My mother is an excellent cook.
Every year, I eagerly await Thanksgiving — after my birthday, it is my favorite holiday (and one of a precious few I celebrate). I love my mother’s homemade stuffing, the delicious turkey, our even more delicious Nigerian foods — because what is an American holiday without okra, egusi, fufu, or rice? — and for the past several years, I have delighted in bringing people over for Thanksgiving.
My family is a small one: five people. None of us children have married or had children or brought significant others over, and it’s unlikely that will ever change. But I like novelty and food and sharing, so I began bringing people over to taste delicious, authentic Nigerian food, in exchange for livening up our family holiday. *evil laugh* It has been one of the best things I’ve ever done!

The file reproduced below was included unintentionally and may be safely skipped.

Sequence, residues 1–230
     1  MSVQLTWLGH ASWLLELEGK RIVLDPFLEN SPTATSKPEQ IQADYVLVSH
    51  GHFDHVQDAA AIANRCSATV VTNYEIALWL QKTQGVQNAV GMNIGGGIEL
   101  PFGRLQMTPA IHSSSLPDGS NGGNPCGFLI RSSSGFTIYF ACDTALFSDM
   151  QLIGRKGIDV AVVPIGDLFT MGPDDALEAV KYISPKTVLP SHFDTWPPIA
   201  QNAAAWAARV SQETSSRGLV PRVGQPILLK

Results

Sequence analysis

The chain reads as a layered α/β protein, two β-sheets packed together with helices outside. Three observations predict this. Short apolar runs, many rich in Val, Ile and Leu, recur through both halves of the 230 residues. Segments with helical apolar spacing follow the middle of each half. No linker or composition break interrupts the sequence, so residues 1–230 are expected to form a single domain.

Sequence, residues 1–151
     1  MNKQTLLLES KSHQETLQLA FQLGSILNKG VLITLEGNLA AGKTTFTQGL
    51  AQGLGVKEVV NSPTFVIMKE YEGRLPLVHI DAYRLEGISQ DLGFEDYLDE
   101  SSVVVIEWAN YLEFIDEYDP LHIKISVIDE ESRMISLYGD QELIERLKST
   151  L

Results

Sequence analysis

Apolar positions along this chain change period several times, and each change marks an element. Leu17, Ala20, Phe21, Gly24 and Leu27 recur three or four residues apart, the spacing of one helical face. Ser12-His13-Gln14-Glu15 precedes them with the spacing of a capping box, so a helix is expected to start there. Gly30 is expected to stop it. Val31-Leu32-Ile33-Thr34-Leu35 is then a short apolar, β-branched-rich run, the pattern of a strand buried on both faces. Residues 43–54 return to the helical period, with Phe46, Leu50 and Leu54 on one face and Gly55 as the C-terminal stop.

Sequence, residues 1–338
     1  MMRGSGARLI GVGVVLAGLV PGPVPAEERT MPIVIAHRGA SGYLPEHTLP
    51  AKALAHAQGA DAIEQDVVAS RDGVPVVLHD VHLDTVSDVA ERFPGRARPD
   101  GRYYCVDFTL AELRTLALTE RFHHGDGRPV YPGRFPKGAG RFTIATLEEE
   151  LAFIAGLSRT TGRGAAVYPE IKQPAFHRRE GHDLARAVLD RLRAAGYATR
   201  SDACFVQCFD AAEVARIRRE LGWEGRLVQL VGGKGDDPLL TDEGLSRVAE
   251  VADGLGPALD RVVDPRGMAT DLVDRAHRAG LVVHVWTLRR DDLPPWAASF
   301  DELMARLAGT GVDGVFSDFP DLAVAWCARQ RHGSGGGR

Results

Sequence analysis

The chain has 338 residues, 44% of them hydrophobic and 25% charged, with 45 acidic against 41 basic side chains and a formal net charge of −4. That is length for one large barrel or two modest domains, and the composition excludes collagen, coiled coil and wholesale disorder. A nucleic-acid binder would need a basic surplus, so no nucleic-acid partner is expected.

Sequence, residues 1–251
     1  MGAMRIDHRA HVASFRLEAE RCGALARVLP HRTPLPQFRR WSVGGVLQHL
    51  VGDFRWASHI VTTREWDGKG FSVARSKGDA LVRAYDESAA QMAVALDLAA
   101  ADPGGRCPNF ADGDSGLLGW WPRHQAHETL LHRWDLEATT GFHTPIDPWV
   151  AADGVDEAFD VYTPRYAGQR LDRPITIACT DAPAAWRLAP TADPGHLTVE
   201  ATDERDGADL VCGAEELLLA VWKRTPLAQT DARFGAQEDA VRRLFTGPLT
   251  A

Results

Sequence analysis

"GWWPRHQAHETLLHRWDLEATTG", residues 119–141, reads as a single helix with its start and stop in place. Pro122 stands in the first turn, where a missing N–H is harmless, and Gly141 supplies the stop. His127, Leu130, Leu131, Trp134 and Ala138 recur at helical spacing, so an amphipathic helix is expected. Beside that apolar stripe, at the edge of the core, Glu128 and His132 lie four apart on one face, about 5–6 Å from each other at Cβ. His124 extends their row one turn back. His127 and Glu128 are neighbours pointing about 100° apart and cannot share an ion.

It has been such a treat to expose Japanese exchange students to the proper way to eat fufu, and see how a rural American approaches a spread of unknown eats. This year, I’ve got a repeat visitor from last year — my friend with an international background of her own is coming back for another go at my mother’s delicious selections, and a new visitor with his own international background is going to take a stab at our spread.
It’s definitely a politically charged holiday, but my takeaway from Thanksgiving is that every culture needs a feast day. Besides celebrating the ability to feast — courtesy of financial health, food, and shelter — it’s also a chance to share and come together, and few things in life are better than that. <3